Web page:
Global trends all point to further milk price rises

Butter boom and European heat wave boost demand

Farmer William McLoughlin farmer and Deirdre O'Shea of Agri Aware help Mark Rodgers from Cavan feed 'Buttercup' at the Agri Aware Mobile Farm visit to the Taste of Cavan event. The Agri Aware stand hightlighted the importance of CAP to the Irish economy. Photo: Patrick Browne
Louise Hogan

Louise Hogan

Record butter prices are continuing to bolster milk returns globally and market analysts predict that demand for dairy fats will remain strong to the end of the year.

Spot prices for butter are now north of €6,300/t, while the current heat wave in Europe is driving icecream sales while also hitting milk output.

The continuing surge in demand for dairy fats is good news for Irish farmers, with processors coming under pressure from the farm organisations to further raise milk prices.

Glanbia and Lakeland Dairies increased their respective milk prices for July by 1c/l to a base of 34c/l including VAT, while Kerry moved from 33c/l to 34.5c/l.

Kevin Bellamy of Rabobank predicted the "elevated butter prices" would underpin dairy returns for the remainder of the year.

Meanwhile, Ornua's Joe Collins said the milk supply situation and demand for dairy fats had been exacerbated by the recent heat wave in southern and eastern Europe.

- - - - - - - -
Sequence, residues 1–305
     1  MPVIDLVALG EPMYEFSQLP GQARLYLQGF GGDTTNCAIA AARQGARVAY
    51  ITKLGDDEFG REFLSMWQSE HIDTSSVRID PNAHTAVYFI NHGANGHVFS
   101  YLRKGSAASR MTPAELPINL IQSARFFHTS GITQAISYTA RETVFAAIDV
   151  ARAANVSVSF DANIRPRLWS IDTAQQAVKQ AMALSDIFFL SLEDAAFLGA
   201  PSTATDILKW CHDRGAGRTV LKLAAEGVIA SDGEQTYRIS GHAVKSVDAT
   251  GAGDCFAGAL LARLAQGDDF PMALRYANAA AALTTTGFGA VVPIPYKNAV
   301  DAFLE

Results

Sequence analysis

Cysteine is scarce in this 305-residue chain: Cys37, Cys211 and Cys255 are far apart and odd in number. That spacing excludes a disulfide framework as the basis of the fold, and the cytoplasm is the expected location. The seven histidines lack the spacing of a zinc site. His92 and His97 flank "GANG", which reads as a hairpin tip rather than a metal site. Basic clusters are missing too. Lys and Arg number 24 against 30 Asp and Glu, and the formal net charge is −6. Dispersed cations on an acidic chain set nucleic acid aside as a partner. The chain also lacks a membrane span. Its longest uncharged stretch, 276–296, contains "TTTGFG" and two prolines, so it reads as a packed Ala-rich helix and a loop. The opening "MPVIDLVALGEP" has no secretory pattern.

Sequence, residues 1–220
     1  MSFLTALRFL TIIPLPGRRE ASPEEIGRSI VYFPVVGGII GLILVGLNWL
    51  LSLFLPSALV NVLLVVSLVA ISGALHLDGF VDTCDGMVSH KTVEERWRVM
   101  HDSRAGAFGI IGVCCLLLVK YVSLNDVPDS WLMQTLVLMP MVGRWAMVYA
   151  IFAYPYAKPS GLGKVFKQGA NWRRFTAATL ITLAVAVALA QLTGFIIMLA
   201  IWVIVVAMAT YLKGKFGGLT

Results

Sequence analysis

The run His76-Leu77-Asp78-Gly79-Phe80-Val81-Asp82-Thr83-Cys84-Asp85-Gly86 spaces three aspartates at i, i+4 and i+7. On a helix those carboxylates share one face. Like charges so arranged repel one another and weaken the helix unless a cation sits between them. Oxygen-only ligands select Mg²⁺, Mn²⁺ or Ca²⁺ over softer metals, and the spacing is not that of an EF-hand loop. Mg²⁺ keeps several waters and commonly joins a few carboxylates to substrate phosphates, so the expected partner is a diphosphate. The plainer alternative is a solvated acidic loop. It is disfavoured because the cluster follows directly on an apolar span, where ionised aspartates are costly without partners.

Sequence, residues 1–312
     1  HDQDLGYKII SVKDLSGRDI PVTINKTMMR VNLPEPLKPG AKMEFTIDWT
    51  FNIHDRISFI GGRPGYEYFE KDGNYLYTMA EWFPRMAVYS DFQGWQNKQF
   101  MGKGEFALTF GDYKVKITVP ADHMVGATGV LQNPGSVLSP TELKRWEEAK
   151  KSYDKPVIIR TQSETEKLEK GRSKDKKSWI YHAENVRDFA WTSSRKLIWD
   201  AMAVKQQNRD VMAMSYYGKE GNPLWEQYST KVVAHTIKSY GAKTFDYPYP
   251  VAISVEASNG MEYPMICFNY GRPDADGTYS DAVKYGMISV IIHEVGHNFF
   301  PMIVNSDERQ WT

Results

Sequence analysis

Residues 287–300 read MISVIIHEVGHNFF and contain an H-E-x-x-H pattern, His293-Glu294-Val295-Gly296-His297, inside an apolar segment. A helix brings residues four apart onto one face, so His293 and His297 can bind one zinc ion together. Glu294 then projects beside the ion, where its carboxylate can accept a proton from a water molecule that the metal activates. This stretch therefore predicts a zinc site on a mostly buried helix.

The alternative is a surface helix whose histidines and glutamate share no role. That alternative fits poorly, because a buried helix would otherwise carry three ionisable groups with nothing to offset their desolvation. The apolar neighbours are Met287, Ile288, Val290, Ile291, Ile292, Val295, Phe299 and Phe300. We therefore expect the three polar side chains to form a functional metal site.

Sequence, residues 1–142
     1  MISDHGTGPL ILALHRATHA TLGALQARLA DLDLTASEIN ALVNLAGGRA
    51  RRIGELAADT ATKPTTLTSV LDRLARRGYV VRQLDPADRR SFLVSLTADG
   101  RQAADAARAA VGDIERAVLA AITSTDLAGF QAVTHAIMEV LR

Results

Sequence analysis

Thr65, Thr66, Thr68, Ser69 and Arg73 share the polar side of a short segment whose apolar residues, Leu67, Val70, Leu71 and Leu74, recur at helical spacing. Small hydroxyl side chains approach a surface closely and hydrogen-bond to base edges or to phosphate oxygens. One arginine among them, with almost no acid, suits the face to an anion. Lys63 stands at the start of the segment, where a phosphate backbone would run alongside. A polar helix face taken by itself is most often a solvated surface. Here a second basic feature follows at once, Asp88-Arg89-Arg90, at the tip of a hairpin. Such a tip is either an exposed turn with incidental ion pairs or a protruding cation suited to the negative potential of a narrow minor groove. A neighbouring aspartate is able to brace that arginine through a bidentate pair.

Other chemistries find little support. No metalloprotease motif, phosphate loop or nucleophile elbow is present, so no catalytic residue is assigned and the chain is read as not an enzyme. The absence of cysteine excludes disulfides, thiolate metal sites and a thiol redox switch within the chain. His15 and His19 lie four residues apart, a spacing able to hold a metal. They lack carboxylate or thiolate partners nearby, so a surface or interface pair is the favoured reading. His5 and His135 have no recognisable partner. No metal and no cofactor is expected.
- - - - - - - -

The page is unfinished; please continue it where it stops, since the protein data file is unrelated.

However, Mr Collins cautioned that there were "clouds appearing on the horizon" due to the increased butter prices and that "some kickback" on sales had already occurred.

Nielsen buying data up to the end of June shows butter sales in Germany slumped almost 10pc.

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"It has been very sluggish from Europe. Traditional importers cannot afford these prices so exports are down about 25pc for that January to May period," Mr Collins said.

"Typically butter is contracted three months in advance and prices have risen a lot further," he explained.

However, he said further price increases were possible as demand for the Christmas and New Year markets gather pace over the next two months.

Dairy prices globally have been driven by a shortage of supply rather than increased demand over the last 12 months.

Although milk output has grown this year in both the US and New Zealand, Mr Bellamy claimed that the bulk of these increases were being absorbed into existing markets.

He said additional US production was directed primarily at North America, while increased New Zealand milk output was being bought by the Chinese.

Chinese buyers have been forced back onto global markets because of low stock levels of dairy produce and "challenged home production", Mr Bellamy explained. In terms of European milk production, Ireland and Poland remain the only countries to have significantly increased output this year.

In contrast, milk supplies in France, Germany, Britain, the Netherlands and Denmark have remained largely unchanged.

"The two big countries - Germany and France - have been disappointing in terms of output. We think it will recover year on year from here as it was so poor in the second half of last year," Mr Collins said.

Reacting to the latest milk price increases, Gerald Quain of the ICMSA welcomed the moves by Glanbia and Lakeland Dairies. However, he said that Irish milk prices continued to lag behind those of the continental processors.

Sean O'Leary of IFA urged all co-ops to work harder to pass back as much of the dairy upturn as possible to farmers.

He added that milk suppliers had some way to go to rebalance their farm finances after the difficulties of 2015 and 2016.

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